Marvel Comics Announces New Line of Digital Comics (Original for the Web)
You may have heard, Marvel Comics is launching their own line of original comics for online distribution. Bundling them with the “Marvel Digital Comics Unlimited” program (monthly subscription to a digital library), they’re launching with an Iron Man comic and a Hulk comic – both of which follow the movie continuity and are timed to coincide with the DVD releases of both films. I wonder if there will ads for those in the DVD package? Hmmm…
“Digital-only exclusives will be published regularly on Wednesdays at the pace of three or more comics per month. Upcoming titles will showcase top Marvel characters and creative teams, fan-favorite holiday-themed specials, explorations into science fiction, martial arts, Westerns and so much more.” – That’s how Marvel’s website puts it.
What does this tell us? By placing the initial comics in the universe of their burgeoning film empire, this is another play for the general consumer audience. And when I say that, I mean consumers whose exposure to Iron Man and Hulk is from film, not the weekly trek to a direct market comic shop. Much as Marvel was being careful not to put current releases online, as not to provoke cranky retailers, by putting the new content in a different continuity, they’ve got a plausible argument that they’re not diverting existing direct market customers to the web. (And that’s past the reality that the web is a reader’s market, while the direct market is geared towards collectors.)
It isn’t apparent if the Iron Man and Hulk titles are ongoing or limited series. I would take a guess they’re planning on a series of mini-series and we can probably expect the Punisher to turn up in a film-continuity series when that movie comes out. The specific mentions of other genres like science fiction and westerns also make this sound like an attempt to bring in a mainstream audience and see what resonates with them.
I have no doubts we’ll see collected editions of the online originals. MegaTokyo, Penny Arcade and Girl Genius have all proved that direct market retailers can and will sell collections of online comics.
Also worth noting, much as in the physical world, new comics day is also Wednesday in the digital world.
What you probably won’t hear a lot of talk about, just yet, is how Marvel is staffing up for more digital projects. Positions currently open:
“The Product Manager, Custom Publishing will be a key manager of the relationship between Marvel Custom Publishing and Marvel Digital Media Production.”
“Produce supporting Web content”
“7 years experience in Web production and/or product management and familiarity with web production tools”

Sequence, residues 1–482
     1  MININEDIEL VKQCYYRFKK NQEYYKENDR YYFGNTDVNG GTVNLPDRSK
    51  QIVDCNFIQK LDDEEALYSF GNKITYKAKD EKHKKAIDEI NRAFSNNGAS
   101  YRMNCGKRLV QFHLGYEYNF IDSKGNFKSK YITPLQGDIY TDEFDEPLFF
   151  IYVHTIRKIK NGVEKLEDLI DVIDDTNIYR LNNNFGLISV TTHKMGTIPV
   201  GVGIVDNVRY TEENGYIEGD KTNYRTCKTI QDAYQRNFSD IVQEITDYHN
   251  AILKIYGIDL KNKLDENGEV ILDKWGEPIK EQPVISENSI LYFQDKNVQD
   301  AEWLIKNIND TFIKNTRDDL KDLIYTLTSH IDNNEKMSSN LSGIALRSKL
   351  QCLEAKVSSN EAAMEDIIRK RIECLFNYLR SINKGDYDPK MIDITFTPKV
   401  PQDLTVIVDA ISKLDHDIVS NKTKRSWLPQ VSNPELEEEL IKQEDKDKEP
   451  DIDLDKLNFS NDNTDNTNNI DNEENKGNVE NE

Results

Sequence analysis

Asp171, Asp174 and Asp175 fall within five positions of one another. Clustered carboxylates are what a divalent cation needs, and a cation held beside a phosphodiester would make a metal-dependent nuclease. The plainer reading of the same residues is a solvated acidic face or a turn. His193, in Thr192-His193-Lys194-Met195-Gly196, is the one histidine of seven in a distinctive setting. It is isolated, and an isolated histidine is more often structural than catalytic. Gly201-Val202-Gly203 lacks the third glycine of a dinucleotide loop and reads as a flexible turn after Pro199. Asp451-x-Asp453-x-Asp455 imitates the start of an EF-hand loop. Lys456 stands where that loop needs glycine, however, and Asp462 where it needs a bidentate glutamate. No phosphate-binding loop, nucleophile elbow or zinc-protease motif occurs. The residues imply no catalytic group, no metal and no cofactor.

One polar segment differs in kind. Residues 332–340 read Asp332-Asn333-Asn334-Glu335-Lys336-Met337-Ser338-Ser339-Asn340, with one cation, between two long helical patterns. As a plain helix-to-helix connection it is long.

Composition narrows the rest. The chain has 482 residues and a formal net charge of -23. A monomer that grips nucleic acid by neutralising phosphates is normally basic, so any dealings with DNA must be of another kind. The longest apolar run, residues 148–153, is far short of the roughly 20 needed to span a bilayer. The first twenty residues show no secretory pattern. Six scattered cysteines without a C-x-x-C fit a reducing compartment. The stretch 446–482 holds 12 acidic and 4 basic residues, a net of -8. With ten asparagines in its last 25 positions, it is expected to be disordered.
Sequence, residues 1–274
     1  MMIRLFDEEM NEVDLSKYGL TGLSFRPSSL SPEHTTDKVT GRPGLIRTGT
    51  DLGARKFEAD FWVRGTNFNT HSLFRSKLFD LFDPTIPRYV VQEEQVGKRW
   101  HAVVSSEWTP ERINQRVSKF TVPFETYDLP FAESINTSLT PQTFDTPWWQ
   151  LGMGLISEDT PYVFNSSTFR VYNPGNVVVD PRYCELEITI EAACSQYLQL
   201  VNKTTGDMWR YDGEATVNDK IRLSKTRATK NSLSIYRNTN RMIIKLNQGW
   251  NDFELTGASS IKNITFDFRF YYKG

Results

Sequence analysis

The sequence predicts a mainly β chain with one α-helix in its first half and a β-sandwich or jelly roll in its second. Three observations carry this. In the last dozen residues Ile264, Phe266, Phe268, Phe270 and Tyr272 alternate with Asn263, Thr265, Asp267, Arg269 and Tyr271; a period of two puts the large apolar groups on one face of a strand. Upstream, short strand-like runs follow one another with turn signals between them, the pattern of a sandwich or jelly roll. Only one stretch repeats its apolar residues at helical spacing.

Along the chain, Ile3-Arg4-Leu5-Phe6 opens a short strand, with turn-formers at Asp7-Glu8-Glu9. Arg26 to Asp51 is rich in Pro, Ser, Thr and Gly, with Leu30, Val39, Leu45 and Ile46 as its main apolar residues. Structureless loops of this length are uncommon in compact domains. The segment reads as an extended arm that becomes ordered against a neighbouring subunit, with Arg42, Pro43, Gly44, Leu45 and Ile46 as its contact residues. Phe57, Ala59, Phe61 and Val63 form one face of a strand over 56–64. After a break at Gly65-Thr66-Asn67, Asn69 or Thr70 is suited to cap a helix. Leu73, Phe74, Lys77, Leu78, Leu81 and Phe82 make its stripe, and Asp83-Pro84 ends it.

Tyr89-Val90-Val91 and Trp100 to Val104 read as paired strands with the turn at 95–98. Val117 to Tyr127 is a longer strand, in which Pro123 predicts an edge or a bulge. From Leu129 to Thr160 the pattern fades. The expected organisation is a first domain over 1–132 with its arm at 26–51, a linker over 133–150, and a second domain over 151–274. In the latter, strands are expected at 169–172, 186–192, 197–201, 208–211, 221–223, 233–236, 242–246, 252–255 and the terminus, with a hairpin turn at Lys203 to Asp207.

“The Quality Assurance Manager will be responsible for building and maintaining the excellence of the Marvel.com sites and products. He or she will be tasked with testing new releases for scheduled deployments as well as testing the site randomly in downtime between major releases. The Quality Assurance Manager will report and track defects, test and verify fixes, and be completely focused on the improvement of the Marvel.com family of sites. ”
“The Advertising Coordinator will be responsible for the implementation and management of online and mobile advertising campaigns placed in Marvel’s audience network.”
These positions tell us Marvel is looking at their various sites as an “audience network” and looking to staff network-wide. And the when the custom publishing manager has to have web-centric skills, you have to ask if Marvel is eyeing custom webcomics? They would not be the first publisher pursuing that, mind you. The Stephen King semi-animated webcomic “N” _may_ have been a custom project for Simon & Shuster, as it is being used as a promotional tool for the prose anthology “Just After Sunset.”
Consider Marvel has in the last few months also advertised for
- Sr. Producer/Product Manager for Digital Comics
- Manager of Premium Services
- Director of Premium Services
“Premium Services” included online activities and digital comics as oversight areas in the descriptions.
Marvel is heading toward full digital integration for their business and they’re hiring for upkeep, not to build a site and let it sit. This isn’t exactly a new concept in publishing, but comics, as an industry, has been slow to adapt. Keep an eye on Marvel. Their hiring patterns indicate that 3 original digital titles each month is but the first sign of what they intend to do with their staffing.
And in the meantime, I can just hear somebody at Warner Entertainment saying to someone at DC, “Why aren’t you putting Batman comics online after the movie like Marvel is with Iron Man and Hulk?”
I’d really love to hear DC’s latest rationalization for not letting their characters enter the web.